This primate is found in art dating as far back as the Predynastic Period; as well as featuring in wall paintings, it was a motif used in jewellery and little statues. Babi was the sacred baboon, a deity of the Underworld and the son of Osiris. In order to pass into the afterlife, a person had to have their heart measured on the scale of Maat against the feather of truth by Thoth, god of the moon, of wisdom, of writing and of judgment. Should the balance show the person to be sinful and thus unworthy, Babi would devour their soul.
Babi depicted at the Temple of Horus, Edfu
Babi was also associated with virility after death, and it was written that he had the ‘door-bolt of the sky’, thus was empowered to open and close the gate to heaven.
Sometimes Thoth was depicted with the head of a baboon; he was closely associated with this animal, and with the ibis (see below). Another god, Hapy, was a baboon too: Hapy was one of the Four Sons of Horus, who were personifications of the four canopic jars in which the organs were stored after death. Hapy protected the lungs.
Set of canopic jars, Museum of Ancient Egypt Culture, Barcelona
The god Thoth was often depicted as a man with an ibis head, and the ibis was seen as his living incarnation. People would mummify ibises in order to leave them as offerings for Thoth at temples, and the mummies would be buried nearby in vast catacombs – many millions of mummified ibises have been discovered in modern times in sites across Egypt. There were even special breeding farms for ibises in order to meet demand for the offerings.
Thoth depicted at the Temple of Ramses II, Abydos
The crocodile, like the hippopotamus (see below), was a highly dangerous and thus deeply feared creature in Ancient Egypt. Through deification, people sought to protect themselves from the crocodile: through worshipping it they would, they hoped, appease it.
Sobek, god of the Nile, was a crocodile-headed man imbued with all the qualities of the mighty Nile crocodile: he was the god of pharaonic power and military prowess; he could provide great protection to the people (just as a mother crocodile will protect her eggs and young); and he was a god of fertility.
Sobek, Temple of Kom Ombo
The city of Faiyum was the centre of the cult of Sobek and became known as Crocodilopolis or Crocodile City. In temples devoted to the god priests kept a live sacred crocodile; like with the ibis, upon its death it would be mummified and buried.
In ancient times, the River Nile was home not only to crocodiles but also to hippopotami – immense and incredibly fearsome. Taweret, meaning ‘she who is great’, was a goddess of childbirth and fertility; she was depicted as a hippopotamus, reflecting how fiercely the mother hippo guards her young. She was a protector of mothers and children, and her imagery is found in all manner of items used in the home for protection, most notably in ‘wands’ carved from hippo ivory.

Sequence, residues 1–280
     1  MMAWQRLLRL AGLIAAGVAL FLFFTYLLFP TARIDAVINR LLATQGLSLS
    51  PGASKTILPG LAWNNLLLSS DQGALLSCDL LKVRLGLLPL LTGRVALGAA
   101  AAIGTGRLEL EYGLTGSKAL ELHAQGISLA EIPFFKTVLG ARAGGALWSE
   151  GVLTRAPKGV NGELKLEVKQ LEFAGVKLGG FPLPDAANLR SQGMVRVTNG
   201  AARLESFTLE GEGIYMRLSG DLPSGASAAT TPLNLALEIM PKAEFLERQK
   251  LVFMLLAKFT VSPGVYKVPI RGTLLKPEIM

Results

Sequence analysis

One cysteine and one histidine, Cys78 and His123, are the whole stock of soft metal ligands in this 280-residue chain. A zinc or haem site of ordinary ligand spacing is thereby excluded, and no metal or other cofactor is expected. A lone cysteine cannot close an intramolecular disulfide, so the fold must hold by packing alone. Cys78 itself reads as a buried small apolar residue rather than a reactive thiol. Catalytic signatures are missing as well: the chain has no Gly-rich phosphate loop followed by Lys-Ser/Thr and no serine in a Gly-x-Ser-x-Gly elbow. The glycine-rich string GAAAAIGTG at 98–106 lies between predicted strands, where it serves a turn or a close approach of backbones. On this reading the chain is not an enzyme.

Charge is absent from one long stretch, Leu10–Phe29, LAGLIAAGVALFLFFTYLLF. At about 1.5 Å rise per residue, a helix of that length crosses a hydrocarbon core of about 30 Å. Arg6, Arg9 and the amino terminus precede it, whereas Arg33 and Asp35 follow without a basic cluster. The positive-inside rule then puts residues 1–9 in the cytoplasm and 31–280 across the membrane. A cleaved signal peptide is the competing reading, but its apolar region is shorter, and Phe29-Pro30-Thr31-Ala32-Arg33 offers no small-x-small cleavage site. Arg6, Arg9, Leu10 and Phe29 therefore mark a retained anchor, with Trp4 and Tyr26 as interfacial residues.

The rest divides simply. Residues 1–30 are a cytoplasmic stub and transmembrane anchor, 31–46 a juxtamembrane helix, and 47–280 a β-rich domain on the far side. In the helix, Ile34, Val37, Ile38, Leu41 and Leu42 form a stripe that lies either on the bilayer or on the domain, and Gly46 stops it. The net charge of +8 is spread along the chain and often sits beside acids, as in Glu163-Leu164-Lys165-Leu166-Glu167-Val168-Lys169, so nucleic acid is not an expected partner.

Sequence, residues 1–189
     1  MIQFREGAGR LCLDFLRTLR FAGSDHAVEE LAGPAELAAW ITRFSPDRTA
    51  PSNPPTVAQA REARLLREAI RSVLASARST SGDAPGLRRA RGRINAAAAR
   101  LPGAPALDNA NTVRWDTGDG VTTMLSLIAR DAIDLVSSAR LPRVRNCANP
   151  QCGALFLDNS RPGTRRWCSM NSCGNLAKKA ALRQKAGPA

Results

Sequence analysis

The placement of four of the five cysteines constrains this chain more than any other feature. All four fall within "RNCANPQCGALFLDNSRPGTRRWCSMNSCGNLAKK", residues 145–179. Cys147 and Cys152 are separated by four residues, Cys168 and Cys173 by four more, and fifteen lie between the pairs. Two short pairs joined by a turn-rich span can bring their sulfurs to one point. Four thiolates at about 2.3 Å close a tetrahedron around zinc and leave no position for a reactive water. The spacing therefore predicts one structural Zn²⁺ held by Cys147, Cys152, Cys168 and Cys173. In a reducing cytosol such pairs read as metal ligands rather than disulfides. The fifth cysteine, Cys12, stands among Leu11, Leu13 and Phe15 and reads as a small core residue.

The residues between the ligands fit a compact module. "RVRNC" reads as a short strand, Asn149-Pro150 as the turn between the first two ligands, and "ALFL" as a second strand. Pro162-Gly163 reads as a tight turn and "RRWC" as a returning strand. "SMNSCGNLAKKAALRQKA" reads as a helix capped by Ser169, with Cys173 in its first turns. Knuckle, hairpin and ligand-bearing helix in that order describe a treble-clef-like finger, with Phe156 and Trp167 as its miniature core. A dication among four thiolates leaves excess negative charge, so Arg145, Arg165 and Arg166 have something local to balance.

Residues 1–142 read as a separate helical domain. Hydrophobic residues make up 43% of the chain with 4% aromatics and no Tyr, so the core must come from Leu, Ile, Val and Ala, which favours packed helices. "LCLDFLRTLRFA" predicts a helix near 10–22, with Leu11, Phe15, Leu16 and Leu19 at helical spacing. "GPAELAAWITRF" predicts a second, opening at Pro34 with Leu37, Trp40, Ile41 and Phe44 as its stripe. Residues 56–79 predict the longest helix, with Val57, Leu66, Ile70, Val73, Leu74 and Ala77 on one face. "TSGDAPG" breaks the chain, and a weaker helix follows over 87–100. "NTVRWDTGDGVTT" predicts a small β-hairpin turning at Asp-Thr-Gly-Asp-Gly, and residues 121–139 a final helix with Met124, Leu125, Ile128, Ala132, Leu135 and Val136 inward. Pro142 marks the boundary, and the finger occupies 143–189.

Taweret amulet, the Louvre
People also associated hippos with rebirth and renewal. A hippo would submerge for some time in the river, with only the top curve of its back visible, before resurfacing; this called to mind the creation story of the primeval mound emerging from the waters of Nun. A hippo model placed in a tomb, then, would help the deceased to be reborn. The most famous surviving such model is affectionally known as William and is in the collection of the Met museum, New York City.
‘William’, the Met
This beetle, now known as the dung beetle, was symbolic of rebirth and regeneration: their rolling dung into a ball was associated with the sun god Ra rolling the sun across the sky each day. Ra was sometimes combined with the god Khepri, god of the rising son, who was depicted as a scarab holding the sun, or a man with a whole scarab as a head.
Khepri statue, Karnak Temple Complex, Luxor
Scarab amulets and seals were immensely popular, and many have survived to this day. They were also used in funerary practices; a heart scarab, for example, was laid over a mummy’s heart in order to prevent it from giving evidence against the deceased at the time of judgement.
Scarab in a pendant, tomb of Tutankhamun
The cat was the incarnation of Bastet, the goddess of protection, perfume/ointments, fertility, pregnancy, children, music, the arts, warfare – and cats. She was originally depicted with the head of a lion, but over time this became the head of a cat.
Bastet statue, the Met
We know much about cats in Ancient Egypt from the many, many depictions of them found in tombs and temples, in art, in statues and in jewellery. They were treated with great respect, and when a cat died it would often be mummified, to be buried when the time came with its master. According to the Book of the Dead, this would ensure both master and cat would cross into the afterlife, and the cat would continue to act as protector to the master.
Finally, we come to the jackal, or dog, which is associated with the deity Anubis, god of death, mummification, embalming, the afterlife, cemeteries, tombs and the Underworld. He was usually depicted as a man with the head of a jackal or as a seated jackal, as in this statue found in the tomb of Tutankhamun.
Statue of Anubis, tomb of Tutankhamun
Picture credits: Babi: BasPhoto/Shutterstock; Hapy: WH_Pics/Shutterstock; Thoth: BasPhoto/Shutterstock; Sobek: Anton_Ivanov/Shutterstock; Taweret Rama/Wikipedia; William: public domain/Wikipedia; Khepri: Mountains Hunter/Shutterstock; scarab: Jon Bodsworth/Wikipedia; Bastet: The Metropolitan Museum of Art/public domain; Anubus: mountainpix/Shutterstock.